In future, clothing manufacturers will be able to offer "never-out-of-stock", similar to what is already being practiced with printers.

The automatic laundry machine will also further establish in care homes in the medium term. Many homes are already being equipped with this technology.

What is the next step?

We support decision-makers in care homes and textile services in choosing the right logistics.


Increasing hygiene requirements

Hygiene requirements will continue to increase or remain very strict in the coming years, as nursing homes are home to a large proportion of the vulnerable population.

This means that daily change of workwear, certified and disinfecting washing procedures and sufficient protective clothing are necessary.

Customized collections are on the rise

Customized collections are gaining popularity due to their ability to cater to individual preferences and needs, offering a personalized touch. This trend reflects a growing demand for unique and tailored products in today's market.

Laundry vending machines and RFID offer new opportunities

Regardless of who buys the clothing, vending machines offer a new technology that is already proving its worth in hospitals. These vending machines have many advantages (greater availability, less equipment, complete transparency, individualized clothing collection) and are also beginning to establish themselves in nursing homes.

Personalized workwear is still a good solution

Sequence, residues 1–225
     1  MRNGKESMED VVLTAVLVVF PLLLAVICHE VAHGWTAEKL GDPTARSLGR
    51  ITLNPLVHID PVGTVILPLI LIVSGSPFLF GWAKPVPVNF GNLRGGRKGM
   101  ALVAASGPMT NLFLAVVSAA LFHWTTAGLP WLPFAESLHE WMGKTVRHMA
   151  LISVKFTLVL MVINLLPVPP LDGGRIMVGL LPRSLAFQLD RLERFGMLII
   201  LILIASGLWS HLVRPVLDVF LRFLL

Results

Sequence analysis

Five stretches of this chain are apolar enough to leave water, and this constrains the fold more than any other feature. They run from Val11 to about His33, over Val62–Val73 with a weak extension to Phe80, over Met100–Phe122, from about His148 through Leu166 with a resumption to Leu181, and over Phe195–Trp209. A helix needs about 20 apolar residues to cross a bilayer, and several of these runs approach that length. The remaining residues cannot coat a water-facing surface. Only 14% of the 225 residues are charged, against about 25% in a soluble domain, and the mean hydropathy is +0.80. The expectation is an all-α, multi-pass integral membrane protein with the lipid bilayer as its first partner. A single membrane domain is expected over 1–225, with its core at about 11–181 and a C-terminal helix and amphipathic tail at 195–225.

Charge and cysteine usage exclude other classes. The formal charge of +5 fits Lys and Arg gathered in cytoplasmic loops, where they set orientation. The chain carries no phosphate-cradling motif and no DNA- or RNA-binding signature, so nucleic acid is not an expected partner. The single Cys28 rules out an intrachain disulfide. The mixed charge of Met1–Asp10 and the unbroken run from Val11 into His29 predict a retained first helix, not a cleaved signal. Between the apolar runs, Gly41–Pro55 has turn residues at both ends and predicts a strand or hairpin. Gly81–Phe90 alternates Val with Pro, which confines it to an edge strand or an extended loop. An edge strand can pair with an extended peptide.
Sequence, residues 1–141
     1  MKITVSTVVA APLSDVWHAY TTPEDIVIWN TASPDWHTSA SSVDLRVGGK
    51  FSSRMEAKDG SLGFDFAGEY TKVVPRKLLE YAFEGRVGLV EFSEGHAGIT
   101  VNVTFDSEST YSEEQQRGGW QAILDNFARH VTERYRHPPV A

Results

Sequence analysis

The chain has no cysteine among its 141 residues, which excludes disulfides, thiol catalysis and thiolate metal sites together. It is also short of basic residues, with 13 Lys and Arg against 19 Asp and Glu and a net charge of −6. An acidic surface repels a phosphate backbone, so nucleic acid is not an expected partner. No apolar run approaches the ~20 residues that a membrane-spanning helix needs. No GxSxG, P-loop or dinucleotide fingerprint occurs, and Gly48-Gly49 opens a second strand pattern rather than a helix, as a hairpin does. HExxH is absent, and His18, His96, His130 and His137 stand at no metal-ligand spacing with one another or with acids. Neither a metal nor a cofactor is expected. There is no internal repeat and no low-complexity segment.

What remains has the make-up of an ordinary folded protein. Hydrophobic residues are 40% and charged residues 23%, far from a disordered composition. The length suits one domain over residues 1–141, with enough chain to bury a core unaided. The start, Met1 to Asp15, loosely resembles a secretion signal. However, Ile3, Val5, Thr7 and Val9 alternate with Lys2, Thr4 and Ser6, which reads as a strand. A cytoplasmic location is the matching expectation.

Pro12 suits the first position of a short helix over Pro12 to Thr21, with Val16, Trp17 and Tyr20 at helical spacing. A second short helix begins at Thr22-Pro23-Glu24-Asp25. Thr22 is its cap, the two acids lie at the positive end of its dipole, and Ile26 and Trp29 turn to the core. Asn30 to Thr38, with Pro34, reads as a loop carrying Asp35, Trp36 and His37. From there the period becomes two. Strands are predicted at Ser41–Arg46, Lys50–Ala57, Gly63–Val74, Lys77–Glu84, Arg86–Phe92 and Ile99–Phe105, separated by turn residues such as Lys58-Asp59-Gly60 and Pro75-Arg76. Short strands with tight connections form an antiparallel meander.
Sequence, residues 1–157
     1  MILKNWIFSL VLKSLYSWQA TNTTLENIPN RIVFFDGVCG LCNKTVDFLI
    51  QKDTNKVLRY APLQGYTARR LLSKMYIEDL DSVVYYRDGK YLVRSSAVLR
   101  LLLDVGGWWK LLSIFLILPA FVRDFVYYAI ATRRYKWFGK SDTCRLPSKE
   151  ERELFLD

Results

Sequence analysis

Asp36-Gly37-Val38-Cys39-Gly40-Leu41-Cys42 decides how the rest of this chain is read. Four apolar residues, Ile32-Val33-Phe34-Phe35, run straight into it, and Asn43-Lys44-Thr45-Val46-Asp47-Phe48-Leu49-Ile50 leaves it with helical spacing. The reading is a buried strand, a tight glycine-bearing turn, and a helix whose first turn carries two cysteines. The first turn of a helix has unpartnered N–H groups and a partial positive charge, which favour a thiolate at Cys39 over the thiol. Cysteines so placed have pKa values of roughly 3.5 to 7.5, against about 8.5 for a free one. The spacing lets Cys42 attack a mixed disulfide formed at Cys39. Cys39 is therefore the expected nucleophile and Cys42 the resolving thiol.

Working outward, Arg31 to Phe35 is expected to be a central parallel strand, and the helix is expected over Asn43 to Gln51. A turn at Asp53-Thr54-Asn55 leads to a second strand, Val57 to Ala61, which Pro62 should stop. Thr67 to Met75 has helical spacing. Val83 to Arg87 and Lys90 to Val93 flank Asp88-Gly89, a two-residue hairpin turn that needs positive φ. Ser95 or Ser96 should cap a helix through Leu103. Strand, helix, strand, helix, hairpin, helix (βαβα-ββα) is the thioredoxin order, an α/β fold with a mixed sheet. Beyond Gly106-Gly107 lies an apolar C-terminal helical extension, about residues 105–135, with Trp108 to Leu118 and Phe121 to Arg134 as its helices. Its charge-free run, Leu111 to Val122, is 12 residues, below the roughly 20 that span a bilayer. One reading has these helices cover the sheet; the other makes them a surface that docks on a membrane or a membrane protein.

Personal workwear remains a very good system in the long term - with all its strengths and weaknesses. The important thing here is not to save money in the wrong place when it comes to equipment and for the laundry to ensure good throughput times and stock availability.

There is no trend towards laundries in nursing homes

Washing clothes in the care home itself only makes sense in exceptional cases and will increasingly become the exception in the future.

There is therefore no trend towards the construction of new in-house laundries - more laundries are being closed than new ones built.

Washing at home is out!

Employees who (have to) wash their own clothes at home are an exception. Due to hygiene risks and the tight labor market situation, this will become less and less common.

About the Author

As a business consultant at LeanLaundry in the industrial laundry industry, I focus on helping textile service entrepreneurs take their businesses to the next level and succeed in a competitive market.

With over 25 years of management experience in the textile service industry, I have extensive knowledge and skills in lean management, strategy and marketing, UHF-RFID technology, M&A and controlling, and project management.

My mission is to help my clients overcome the challenges and seize the opportunities that arise after the crisis.